In a world where more women are joining the work force, where ever more are stepping out from their secluded and cloistered world and can be physically seen in larger numbers, this collection seeks to explore how male writers in Urdu view and consequently present or represent the women of their world.
In her Introduction, Rakhshanda Jalil traces the history of 'writings on women' by both male and female writers — from the doyens of Urdu literature to contemporary writers dealing with contemporary issues, setting the mood for the stories in this collection and giving the reader a sampler of what to expect in the ensuing pages.
The collection includes themes which are timeless as well as topics that are an outcome of the times we live in. Starting with two of the four pillars of the Urdu short story - Rajinder Singh Bedi and Krishan Chandar - who can be credited with introducing a realistic portrayal of women in Urdu fiction, the stories in this volume offer multiple ways of 'seeing' women.
Rakhshanda Jalil is a writer, critic and literary historian. She has published over 15 books and written over 50 academic papers and essays. Her book on the lesser-known monuments of Delhi, Invisible City, continues to be a bestseller. Her recent works include: Liking Progress, Loving Change: A Literary History of the Progressive Writers Movement in Urdu (OUP, 2014); a biography of Urdu feminist writer Dr Rashid Jahan A Rebel and her Cause (Women Unlimited, 2014); a translation of The Sea Lies Ahead, Intizar Husain's seminal novel on Karachi (Harper Collins, 2015); Pigeons of the Domes: Stories on Communalism (Niyogi Books, 2015) and Krishan Chandar's partition novel Ghaddar (Westland, 2017); and most recently an edited volume of critical writings on Ismat called An Uncivil Woman (Oxford University Press, 2017). She runs an organisation called Hindustani Awaaz, devoted to the popularisation of Hindi-Urdu literature and culture.
The woman has been both subject and predicate in a great deal of writing by male writers. In poetry she has, of course, been the subject of vast amounts of romantic, even sensuous imagery. Be it muse or mother, vamp or victim, fulsome or flawed, there has been a tendency among male writers to view a woman through a binary of 'this' or 'that' and to present women as black and white characters, often either impossibly white or improbably black. Since men are not expected to be one or the other but generally taken to be a combination of contraries, such a monochromatic view inevitably results in women being reduced to objects, of being taken to be 'things' rather than 'people'. That this objectification of women, and the consequent dehumanisation, effectively 'others' half the human population seems to escape many writers, even those ostensibly desirous of breaking stereotypes or those who see themselves as liberal, even emancipated men. Films, television and media have traditionally aided and abetted the idea that women are objects to be pursued and eventually won over like trophies or prizes. Literature has fed into the trope that women are bona fide objects of sexual fantasy, or blank canvases on which men can paint their ideals, or even empty vessels into which they can pour their pent-up feelings and emotions.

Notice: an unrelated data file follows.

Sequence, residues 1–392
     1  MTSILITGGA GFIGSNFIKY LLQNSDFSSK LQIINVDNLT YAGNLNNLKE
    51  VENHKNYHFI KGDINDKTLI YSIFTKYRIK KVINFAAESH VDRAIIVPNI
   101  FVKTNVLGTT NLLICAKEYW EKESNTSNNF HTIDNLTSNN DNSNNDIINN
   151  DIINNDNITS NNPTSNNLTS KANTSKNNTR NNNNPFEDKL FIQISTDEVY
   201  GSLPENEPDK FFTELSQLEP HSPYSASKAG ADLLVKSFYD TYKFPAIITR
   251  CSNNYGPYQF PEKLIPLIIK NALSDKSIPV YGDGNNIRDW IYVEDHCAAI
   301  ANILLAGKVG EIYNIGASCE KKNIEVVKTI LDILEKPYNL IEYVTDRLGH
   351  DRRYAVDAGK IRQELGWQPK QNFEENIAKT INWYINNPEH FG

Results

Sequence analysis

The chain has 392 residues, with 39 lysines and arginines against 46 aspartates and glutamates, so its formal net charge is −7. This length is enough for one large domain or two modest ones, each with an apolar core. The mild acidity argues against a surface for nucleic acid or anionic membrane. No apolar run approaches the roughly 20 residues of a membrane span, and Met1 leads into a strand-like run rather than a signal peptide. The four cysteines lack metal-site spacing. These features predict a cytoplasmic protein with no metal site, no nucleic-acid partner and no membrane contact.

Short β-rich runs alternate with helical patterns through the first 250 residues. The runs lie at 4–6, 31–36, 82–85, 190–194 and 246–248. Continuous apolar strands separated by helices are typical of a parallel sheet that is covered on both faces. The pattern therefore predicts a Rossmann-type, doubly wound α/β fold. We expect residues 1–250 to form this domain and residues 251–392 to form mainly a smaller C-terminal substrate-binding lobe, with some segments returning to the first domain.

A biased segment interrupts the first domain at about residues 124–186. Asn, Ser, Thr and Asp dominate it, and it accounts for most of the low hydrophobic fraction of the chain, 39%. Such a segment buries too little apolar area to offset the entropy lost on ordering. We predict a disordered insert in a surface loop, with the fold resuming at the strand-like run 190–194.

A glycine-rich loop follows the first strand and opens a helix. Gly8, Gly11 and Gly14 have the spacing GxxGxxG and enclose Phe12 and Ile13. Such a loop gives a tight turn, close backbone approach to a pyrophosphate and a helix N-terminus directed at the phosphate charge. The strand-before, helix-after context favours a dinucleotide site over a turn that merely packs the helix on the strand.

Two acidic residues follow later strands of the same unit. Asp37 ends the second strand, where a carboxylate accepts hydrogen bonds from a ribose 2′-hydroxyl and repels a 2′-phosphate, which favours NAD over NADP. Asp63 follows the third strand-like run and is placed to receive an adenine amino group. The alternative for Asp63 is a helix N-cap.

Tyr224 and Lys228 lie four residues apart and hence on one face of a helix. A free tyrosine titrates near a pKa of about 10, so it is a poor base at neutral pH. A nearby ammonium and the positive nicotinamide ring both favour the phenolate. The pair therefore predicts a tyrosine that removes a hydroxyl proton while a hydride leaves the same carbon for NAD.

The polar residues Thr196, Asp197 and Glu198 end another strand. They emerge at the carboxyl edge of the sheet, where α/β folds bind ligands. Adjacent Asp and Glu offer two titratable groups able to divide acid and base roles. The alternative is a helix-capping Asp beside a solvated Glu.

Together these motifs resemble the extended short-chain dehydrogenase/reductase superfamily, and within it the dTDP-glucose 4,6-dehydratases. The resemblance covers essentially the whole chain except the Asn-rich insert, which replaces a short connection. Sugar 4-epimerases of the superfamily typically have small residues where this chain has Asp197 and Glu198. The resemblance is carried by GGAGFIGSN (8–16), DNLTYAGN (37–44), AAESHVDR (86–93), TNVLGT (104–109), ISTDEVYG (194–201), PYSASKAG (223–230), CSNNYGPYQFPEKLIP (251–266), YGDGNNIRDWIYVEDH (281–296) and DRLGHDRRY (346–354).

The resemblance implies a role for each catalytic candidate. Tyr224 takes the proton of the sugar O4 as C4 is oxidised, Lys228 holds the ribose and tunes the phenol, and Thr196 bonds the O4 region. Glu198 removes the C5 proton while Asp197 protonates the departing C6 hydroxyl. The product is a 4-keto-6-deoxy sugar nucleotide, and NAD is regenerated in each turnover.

Feminist theoreticians would have us believe that there is, and has always been, a traditional heterosexual way of men looking at women, a way that presents women as essentially sexual objects for the pleasure of the male viewer. The feminist film critic Laura Mulvey, in her seminal essay 'Visual Pleasure and Narrative Cinema' (1975), termed this way of seeing as the 'male gaze'. Mulvey's theory was based on the premise that 'an asymmetry of power between the genders is a controlling force in cinema; and that the male gaze is constructed for the pleasure of the male viewer which is deeply rooted in the ideologies and discourses of patriarchy'. Within a short span of time, the expression slipped into accepted usage and moved seamlessly across medium: from film to literature to popular culture. Today, we use the term loosely to describe ways of men seeing women and consequently presenting or representing them.